Frequently Asked Questions: Offshore Oil Pipelines

How dangerous are offshore oil pipelines?

Drilling for oil in our sensitive coastal areas puts our communities and wildlife at risk of a devastating spill, and rusty old pipelines that are the veins of society's oil addiction enhance that danger. After 20 years of use, the annual probability of an offshore pipeline failure steadily increases from 10 percent to 100 percent.  

America's Dangerous Pipelines
Line 901, whose erupture caused the Refugio oil spill, was old and heavily corroded. Photo by Bruce Reitherman/Santa Barbara County.

The oil infrastructure in the United States is getting old and presenting an increasing risk of catastrophic failures that threaten wildlife and human health. In May 2015 a badly corroded, 28-year-old oil pipeline near California's Refugio State Beach ruptured, blackening beaches around Santa Barbara and killing hundreds of birds, sea lions, dolphins, and other wildlife.

What does the data say?

Federal data show that the risk of pipeline failures increases dramatically as pipelines approach 40 years old. Most pipelines that run along coastal California and serve its offshore oil platforms in the Santa Barbara Channel — an area of rich biological diversity — and throughout the state were built in the 1980s, meaning that many of these pipes are now at increased risk of failure. Many of the offshore facilities are even older, built back in the 1960s.

What should be done?

While the best way to avoid oil spills is to stop drilling for oil, an obvious first step is to retire oil pipelines and platforms that have exceeded their safe lifespan. That's why the Center has petitioned the federal government to do a complete survey of coastal California's aging offshore oil infrastructure before it allows the industry to resume pumping crude through the pipeline system that failed once and is likely to keep failing. And it's why we've opposed proposals to frack offshore wells and expand production on offshore oil platforms serviced by pipelines that are more than 40 years old.

At a time when the United States is struggling to reduce its greenhouse gas emissions and its overreliance on fossil fuels, it makes sense to begin decommissioning the country's aging oil infrastructure and transition to cleaner energy. What remains should be rigorously inspected by the federal government.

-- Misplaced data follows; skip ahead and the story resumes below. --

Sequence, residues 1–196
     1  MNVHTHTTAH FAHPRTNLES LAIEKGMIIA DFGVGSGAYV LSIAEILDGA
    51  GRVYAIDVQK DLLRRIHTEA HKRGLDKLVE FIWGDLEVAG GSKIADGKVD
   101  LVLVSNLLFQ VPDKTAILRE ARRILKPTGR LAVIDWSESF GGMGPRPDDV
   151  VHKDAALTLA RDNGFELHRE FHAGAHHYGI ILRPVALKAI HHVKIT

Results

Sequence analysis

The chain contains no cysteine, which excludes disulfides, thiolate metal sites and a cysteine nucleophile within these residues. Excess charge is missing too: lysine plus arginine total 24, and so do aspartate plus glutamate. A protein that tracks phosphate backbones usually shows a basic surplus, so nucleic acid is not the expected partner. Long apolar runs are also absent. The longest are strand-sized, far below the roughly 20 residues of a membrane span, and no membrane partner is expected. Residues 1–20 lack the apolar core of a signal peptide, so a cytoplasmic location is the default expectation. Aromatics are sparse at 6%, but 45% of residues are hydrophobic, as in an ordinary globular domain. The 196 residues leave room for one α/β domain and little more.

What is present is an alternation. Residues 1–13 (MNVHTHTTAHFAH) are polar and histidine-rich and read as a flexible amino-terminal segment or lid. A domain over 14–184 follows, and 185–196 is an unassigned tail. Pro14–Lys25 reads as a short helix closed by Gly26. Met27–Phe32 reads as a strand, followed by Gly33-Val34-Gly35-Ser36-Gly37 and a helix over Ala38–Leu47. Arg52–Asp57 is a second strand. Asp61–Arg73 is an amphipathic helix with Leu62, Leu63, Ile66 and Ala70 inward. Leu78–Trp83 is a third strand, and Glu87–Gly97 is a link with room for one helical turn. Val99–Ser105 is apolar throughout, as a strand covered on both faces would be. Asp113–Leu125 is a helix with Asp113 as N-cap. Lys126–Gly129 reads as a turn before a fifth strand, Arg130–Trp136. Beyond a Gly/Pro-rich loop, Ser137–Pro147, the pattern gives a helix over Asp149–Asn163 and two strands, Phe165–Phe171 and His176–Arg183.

Is it just California?

California's pipelines present a particular problem as they approach the median age for pipeline failures of 38 to 40 years, particularly given the damage that oil spills can do to sensitive coastal environments. But this is a national problem. Data from the federal agency regulating pipelines, the U.S. Pipeline and Hazardous Materials Safety Administration, shows that 45 percent of the country's 60,155 miles of crude oil pipelines are more than 50 years old.

Federal data also show that the number of offshore oil spills in U.S. waters has increased dramatically since 2000, rising from an average of four per year from 1970-1999 to an average of 22 per year from 2005-2009, with BP being the biggest source of the spills, followed by Shell . Offshore oil drilling is an inherently risky activity that should be phased out in favor of cleaner and safer energy sources.

What about building new pipelines?
Federal data show that new pipelines also carry a high risk of spills, mostly because of faulty design or construction. The PHMSA data indicate there are more oil spills in the first two years of pipeline's life than in the next seven years combined.

It's time to retire our aging oil infrastructure and begin moving toward the clean energy future that people and wildlife — and indeed the health of the planet — require.

Watch our time-lapse video showing annual oil spills and the toll they take:

America's Dangerous Pipelines








Oiled brown pelican photo courtesy Flickr Commons/Lord Mariser